Sceliphron caementarium on a piece of wood


Sceliphron caementarium build nests that are usually attached to ceilings or walls of sheds, sides of buildings and sometimes old cars (Resh and Crude 2003). Their nests can also be found on natural structures such as rock ledges, cliff faces, or in the hollow part of a tree. The black and yellow mud dauber wasps can be found around flowers or puddles searching for mud.Permission to use photo given by Peter J. Bryant on 3/25/12

 Adult females build the nests out of mud, which is collected at the edge of puddles and pools of water (Dunn 1996). The female uses her mandibles to dig the mud and flies with the mud ball to a dry area where she starts to build her nest (Fink et al 2007). The nests are made up of 25 cylindrical cells that each contain an egg laid by the female and 6-15 spiders for the growing larva to feed on. While she is out looking for prey to put in the cells, the female usually temporarily closes the cell to keep parasites out (University of Iowa Entomology 2012).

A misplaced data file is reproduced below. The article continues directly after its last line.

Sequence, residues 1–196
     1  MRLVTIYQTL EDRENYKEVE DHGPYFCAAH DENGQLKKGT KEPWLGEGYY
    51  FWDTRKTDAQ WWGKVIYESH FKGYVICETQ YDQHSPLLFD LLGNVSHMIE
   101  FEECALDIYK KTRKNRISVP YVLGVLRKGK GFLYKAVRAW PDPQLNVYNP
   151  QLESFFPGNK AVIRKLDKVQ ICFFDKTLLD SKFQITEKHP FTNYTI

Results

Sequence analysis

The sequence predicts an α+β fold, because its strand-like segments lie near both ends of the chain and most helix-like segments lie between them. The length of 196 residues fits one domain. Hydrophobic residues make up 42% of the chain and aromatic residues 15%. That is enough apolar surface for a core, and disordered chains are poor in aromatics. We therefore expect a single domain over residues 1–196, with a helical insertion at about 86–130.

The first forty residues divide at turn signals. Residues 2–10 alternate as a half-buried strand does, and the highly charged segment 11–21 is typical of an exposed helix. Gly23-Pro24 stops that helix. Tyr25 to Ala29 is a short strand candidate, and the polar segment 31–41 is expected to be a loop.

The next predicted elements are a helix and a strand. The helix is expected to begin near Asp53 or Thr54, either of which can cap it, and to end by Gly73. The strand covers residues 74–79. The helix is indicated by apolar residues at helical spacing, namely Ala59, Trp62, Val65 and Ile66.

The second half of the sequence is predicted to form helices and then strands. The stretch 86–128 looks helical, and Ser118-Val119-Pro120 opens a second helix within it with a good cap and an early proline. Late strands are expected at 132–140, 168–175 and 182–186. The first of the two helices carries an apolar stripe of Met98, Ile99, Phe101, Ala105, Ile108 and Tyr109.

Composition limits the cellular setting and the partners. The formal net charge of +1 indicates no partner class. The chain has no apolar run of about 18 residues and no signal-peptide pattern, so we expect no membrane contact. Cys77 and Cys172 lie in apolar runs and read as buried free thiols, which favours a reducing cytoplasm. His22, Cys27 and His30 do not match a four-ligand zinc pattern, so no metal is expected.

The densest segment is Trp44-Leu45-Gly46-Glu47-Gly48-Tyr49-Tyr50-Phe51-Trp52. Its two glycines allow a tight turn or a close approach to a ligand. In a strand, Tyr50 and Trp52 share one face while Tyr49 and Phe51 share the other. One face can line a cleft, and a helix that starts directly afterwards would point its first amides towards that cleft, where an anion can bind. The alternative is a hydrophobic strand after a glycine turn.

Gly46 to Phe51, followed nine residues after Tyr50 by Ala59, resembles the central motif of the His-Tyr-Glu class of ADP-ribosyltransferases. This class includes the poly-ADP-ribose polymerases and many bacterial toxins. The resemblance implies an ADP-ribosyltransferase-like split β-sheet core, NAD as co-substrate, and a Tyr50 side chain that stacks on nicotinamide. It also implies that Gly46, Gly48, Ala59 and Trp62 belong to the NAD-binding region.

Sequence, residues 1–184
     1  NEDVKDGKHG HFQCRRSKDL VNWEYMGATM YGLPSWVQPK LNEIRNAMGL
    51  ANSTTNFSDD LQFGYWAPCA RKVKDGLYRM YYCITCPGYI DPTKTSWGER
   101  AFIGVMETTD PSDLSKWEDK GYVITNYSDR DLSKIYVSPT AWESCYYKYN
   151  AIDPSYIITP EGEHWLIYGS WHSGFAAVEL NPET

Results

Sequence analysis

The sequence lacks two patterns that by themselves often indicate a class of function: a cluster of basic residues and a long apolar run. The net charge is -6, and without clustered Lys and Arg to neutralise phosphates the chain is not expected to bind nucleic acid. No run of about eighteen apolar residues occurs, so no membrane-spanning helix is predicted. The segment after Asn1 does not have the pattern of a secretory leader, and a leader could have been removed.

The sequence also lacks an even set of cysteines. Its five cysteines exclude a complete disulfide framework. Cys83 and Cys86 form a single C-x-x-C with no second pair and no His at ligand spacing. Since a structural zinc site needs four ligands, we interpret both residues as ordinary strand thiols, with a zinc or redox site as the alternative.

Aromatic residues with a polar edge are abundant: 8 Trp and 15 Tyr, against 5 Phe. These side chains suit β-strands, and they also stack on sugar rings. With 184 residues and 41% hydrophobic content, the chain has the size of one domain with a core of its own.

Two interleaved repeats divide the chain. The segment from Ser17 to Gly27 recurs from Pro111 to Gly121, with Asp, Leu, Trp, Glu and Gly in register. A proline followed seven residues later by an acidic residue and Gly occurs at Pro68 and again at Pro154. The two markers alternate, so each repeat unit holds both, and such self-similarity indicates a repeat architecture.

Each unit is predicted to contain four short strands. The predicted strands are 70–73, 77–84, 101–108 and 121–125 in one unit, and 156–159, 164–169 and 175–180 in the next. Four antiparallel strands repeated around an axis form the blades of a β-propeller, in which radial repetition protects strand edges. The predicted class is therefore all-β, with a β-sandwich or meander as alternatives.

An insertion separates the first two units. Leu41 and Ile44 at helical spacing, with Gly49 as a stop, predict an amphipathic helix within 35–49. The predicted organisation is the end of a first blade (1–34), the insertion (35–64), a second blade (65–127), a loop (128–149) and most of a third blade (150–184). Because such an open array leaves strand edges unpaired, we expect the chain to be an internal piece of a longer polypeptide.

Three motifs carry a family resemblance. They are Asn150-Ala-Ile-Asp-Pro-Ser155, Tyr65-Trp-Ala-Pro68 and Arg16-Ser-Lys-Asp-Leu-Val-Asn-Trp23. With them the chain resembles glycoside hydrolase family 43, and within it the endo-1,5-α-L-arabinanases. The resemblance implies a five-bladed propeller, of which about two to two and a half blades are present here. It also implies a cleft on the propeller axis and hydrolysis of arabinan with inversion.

The black and yellow mud dauber wasps are commonly found in Canada, the United States, Central America, South Africa and the West Indies (Encyclopedia of Life). Below is a picture depicting where Sceliphron caementarium has been spotted around the world. Geography of the black and yellow mud-dauber wasps

Click here to see a video of a mud dauber wasp gathering materials to build her nest!

Click here to see another video of a mud dauber wasp collecting mud to build her nest!

 Go to the nutrition page next to learn what Sceliphron caementarium likes to snack on!